I have some thin, cotton fabric, but it has a colorful pattern on it...is it okay to use this for a tea bag? I would think so considering white fabric is dyed white but i'm not sure.

PoCassidy4 years ago
I love the reusable teabag idea and have tried it with great success except for when it comes to cleaning the bag. The tea just doesn't seem to want to come loose from the bag and I feel like I spend forever just getting them ready for the next batch. Any suggestions?
SeaSkyShore (author)  PoCassidy4 years ago
I just turn the bag inside out to rinse away any used tea and if anything sticks I can get it off with a quick swipe of an old cleaning toothbrush. Nothing too labor intensive.
Good job! I'm thinking you can also use cheese cloth (or is that too loose a weave?) or a sheer fabric (like organza or chiffon) in order to get a richer brew?
Cheese cloth is just a little too loose a weave for coffee(and sometimes for cheese curd as I have found out). I haven't tried using anything sheer but I imagine that would work fine, just be careful that the cloth you choose won't melt after prolonged exposure to hot water. Please let me know how it works for you. I like my coffee very dark and I found that after I switched to cloth filters (I use cotton) I don't have to use nearly as much grounds as when I used paper filters to get the desired richness. I don't think I will ever switch back to disposables.
SiderAnne5 years ago
I think I just found what to make my brother-in-law and his wife for Christmas! They love loose leaf tea, and this would be an awesome addition to their gift... they love being self-sufficient and having a tiny footprint.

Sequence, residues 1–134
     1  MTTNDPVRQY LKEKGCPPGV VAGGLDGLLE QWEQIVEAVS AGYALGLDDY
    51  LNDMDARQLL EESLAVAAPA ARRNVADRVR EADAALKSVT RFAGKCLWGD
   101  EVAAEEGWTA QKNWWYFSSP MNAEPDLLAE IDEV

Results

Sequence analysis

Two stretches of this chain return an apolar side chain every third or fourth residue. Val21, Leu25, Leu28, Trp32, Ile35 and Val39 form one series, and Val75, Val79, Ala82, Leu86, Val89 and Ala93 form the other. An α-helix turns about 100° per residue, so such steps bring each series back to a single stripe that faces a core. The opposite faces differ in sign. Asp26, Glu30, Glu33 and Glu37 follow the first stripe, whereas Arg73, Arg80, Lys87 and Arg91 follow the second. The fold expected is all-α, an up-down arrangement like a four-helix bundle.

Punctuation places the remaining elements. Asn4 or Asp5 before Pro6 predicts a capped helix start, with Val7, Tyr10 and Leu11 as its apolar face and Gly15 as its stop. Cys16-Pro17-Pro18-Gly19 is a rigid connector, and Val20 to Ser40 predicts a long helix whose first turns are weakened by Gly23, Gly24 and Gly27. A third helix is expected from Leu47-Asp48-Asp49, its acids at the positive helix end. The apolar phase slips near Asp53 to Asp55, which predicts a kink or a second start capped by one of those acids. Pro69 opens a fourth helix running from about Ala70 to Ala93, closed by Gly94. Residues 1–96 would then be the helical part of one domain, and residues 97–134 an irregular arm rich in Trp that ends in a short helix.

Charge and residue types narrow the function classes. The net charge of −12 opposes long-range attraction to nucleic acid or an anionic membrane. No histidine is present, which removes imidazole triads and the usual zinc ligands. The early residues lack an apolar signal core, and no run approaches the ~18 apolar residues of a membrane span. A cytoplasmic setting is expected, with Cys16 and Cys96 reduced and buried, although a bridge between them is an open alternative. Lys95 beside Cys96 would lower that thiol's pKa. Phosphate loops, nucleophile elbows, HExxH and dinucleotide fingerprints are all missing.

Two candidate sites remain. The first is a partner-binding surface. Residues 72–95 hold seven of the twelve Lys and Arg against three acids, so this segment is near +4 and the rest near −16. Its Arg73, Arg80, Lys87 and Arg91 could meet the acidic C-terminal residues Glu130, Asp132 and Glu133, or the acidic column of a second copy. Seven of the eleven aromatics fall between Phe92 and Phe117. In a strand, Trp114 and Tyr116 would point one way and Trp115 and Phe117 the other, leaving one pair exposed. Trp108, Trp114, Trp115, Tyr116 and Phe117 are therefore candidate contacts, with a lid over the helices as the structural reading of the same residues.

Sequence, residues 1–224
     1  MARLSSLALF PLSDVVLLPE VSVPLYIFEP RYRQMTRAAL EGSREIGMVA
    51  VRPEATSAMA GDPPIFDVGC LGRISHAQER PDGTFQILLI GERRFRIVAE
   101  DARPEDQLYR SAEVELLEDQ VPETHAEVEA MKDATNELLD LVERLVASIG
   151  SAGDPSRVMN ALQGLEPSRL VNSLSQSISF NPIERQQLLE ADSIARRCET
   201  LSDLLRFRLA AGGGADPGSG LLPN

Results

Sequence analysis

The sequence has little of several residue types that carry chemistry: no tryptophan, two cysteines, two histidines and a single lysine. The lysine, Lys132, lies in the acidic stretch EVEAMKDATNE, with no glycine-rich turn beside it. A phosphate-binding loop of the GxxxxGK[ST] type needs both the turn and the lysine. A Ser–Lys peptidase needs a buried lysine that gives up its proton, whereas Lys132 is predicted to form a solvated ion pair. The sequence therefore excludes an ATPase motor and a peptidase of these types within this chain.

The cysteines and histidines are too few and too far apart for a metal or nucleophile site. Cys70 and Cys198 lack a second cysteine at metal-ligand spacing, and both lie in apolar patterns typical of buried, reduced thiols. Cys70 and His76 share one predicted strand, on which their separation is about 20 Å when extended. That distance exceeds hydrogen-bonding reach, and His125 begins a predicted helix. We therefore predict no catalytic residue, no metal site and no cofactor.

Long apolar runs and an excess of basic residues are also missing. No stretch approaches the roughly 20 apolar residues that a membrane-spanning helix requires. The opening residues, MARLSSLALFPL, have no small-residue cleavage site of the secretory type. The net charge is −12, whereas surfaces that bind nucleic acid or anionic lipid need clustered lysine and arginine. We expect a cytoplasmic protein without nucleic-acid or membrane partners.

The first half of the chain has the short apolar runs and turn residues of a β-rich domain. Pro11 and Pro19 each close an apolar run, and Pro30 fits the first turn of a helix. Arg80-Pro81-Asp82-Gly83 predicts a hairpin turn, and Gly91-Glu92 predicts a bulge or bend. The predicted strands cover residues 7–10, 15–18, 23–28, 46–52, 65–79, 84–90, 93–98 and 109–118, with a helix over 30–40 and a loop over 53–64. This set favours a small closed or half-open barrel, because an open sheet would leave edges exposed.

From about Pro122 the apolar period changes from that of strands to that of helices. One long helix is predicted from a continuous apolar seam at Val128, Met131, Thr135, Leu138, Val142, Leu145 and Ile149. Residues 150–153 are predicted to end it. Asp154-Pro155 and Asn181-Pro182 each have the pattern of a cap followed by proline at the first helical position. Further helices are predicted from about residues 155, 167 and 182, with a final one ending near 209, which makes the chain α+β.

I've usd pretty much the same thing for years as a re-usable bouquet garni. I pop a bunch of appropriate herbs into the little muslin bag and add it to stews/soups. It's much easier than trying to fish out individual herbs/leaves.
SeaSkyShore (author) 5 years ago
I am glad some of you found it handy! My husband and I live on a very tight budget and anything that saves even a few dollars a month helps. Plus I have heard that paper filters can change the flavor of coffee, even make it more bitter. I certainly think that it's more flavorful, but it might just be the coffee tastes better when it costs less to make :)
 
Lola19745 years ago
I used the closed end of a knee high  and then followed the rest of your instructions.
 It even fits in my single pod coffee machine.
capricorn5 years ago
Thanks for sharing my friend :)

I'm sure I'll find good use of this idea :)


ChrysN5 years ago
Nice!
Good job.